Tamar Manasseh likely won’t be ordained as a rabbi until next year, but she already has her congregation: a street corner in the Englewood neighborhood on Chicago’s South Side, where she has worked out her own solution to the city’s gun violence problem.
Every afternoon during the Chicago Public Schools summer vacation, Manasseh and what she has called “an army of moms” in hot pink t-shirts sit on the corner of 75th Street and Stewart Avenue from 4 P.M. till 8 P.M. They prepare dinner for anyone who wants it, but mostly they keep an eye on the block.
The group, called Mothers Against Senseless Killings, or MASK, began its vigil on June 29, 2015, five days after a 34-year-old woman named Lucille Barnes was shot and killed on the corner. From her own experiences growing up in Englewood, one of the city’s most violent neighborhoods, Manasseh knew that when a woman or child is shot, it’s likely to spark retaliatory shooting. MASK arose from two things that were most essential to her being: motherhood and Judaism.
By the time she formed MASK, Manasseh had been thinking about the problem of gun violence for several years. She had formed a group called the Abel Project that planted trees on the sites of shootings, crimson king maples because their red leaves reminded her of the verse in Genesis where God tells Cain his brother’s blood is calling out to him from the ground. But she wanted to find a way to actually solve the problem.
Manasseh is 38 now. She is petite in build and fierce in spirit. On a recent Sunday afternoon, she tried to recline on a turquoise blue couch in her tidy living room in Washington Park, another troubled South Side neighborhood across the Dan Ryan Expressway from Englewood, while her mother, Everloyce McCullough, prepared sweet potatoes in the kitchen. (Health problems had demanded she rest for a few days, an unnatural state for her.) Jaunty swing music played on the radio, which made an odd background to the story she had to tell.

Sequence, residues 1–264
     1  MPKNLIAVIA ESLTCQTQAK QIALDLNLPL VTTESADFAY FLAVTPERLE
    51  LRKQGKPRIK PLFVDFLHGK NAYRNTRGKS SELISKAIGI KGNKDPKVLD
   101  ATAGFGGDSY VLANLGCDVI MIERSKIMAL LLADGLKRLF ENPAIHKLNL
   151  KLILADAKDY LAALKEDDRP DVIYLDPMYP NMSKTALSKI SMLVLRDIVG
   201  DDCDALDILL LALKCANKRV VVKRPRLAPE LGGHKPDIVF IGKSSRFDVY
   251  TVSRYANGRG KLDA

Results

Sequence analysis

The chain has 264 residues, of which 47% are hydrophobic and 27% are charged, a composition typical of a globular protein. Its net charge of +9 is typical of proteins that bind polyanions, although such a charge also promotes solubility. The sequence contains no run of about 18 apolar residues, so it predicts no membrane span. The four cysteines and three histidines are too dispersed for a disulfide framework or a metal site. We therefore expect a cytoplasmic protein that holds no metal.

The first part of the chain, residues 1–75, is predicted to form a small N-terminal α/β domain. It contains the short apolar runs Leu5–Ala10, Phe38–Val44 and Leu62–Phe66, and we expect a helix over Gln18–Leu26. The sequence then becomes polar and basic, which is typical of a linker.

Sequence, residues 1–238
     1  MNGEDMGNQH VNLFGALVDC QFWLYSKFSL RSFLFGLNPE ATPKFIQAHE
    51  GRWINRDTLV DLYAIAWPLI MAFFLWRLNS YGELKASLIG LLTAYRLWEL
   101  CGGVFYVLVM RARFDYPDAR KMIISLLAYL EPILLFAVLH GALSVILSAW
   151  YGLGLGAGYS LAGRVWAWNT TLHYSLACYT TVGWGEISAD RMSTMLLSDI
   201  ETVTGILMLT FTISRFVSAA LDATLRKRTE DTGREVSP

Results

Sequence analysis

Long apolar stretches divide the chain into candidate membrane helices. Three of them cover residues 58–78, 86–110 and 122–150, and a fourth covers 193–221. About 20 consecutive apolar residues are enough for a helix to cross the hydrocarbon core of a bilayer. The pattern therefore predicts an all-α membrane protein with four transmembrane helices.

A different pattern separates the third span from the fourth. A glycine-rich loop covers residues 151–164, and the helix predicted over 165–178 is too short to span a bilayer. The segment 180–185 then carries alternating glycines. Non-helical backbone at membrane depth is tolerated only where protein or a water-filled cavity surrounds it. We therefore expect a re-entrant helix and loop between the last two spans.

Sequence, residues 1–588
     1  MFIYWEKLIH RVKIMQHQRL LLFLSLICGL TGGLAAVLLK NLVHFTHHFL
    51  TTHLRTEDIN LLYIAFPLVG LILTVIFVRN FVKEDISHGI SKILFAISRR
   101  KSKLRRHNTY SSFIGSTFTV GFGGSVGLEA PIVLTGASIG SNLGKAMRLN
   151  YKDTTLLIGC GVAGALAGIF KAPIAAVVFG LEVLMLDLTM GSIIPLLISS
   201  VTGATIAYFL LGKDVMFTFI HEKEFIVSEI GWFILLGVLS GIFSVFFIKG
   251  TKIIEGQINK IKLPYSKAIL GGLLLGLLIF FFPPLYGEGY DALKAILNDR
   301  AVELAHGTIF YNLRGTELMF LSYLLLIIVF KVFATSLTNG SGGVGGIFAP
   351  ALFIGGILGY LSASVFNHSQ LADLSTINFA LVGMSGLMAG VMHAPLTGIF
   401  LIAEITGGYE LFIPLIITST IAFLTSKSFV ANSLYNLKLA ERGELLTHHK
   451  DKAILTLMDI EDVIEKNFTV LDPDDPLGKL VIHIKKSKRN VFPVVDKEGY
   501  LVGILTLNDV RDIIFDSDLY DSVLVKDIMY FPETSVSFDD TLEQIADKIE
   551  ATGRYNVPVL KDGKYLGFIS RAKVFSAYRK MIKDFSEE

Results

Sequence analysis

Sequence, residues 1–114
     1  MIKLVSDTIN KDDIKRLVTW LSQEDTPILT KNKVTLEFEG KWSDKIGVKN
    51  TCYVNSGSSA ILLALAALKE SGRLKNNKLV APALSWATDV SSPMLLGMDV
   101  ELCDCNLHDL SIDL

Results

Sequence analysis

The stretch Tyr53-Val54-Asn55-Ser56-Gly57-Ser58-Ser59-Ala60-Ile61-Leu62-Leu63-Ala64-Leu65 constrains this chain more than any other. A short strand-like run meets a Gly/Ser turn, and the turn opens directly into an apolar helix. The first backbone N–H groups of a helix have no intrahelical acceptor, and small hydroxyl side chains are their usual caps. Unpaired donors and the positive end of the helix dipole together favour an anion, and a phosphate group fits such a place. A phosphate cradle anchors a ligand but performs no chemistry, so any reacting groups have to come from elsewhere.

Manasseh’s maternal uncle David McCullough had converted to become a Hebrew Israelite, or “reverted,” as Hebrew Israelites prefer to put it, to the Judaism they believe to have been their original African religion. Her uncle was still a teenager when he made the decision, inspired by an Ethiopian Hebrew rabbi who came to visit him in the hospital after he’d been shot.
Everloyce McCullough accepted Judaism, too, and Tamar grew up in the Hebrew Israelite community, at Beth Shalom B’nai Zaken Ethiopian Hebrew Congregation. Her uncle helped pay for her tuition at Akiba-Schechter Jewish Day School, a mainstream Jewish day school in Chicago’s Hyde Park neighborhood. She was not the only black student there, but she was the only one from Englewood. In Hyde Park, she saw people jogging and walking their dogs; at home in Englewood, just three miles away, kids were afraid to play outside.
“I grew up in two worlds, and I hated it,” she says now. “It felt like they were telling me, ‘I allow you to be here.’”
Still, she had a Jewish soul, which was apparent even when she was a child, said Beth Shalom B’nai Zaken’s rabbi, Capers Funnye. She was active in the congregation, but Judaism also resonated for her on a spiritual level. When Manasseh was a freshman in high school, a friend of hers was shot and killed on the first day of spring break, right in front of her. “Everyone else was screaming,” she recalled. “The first thing that popped into my head was the Mourners Kaddish. The moment required prayer. It was like the world had stopped for me.”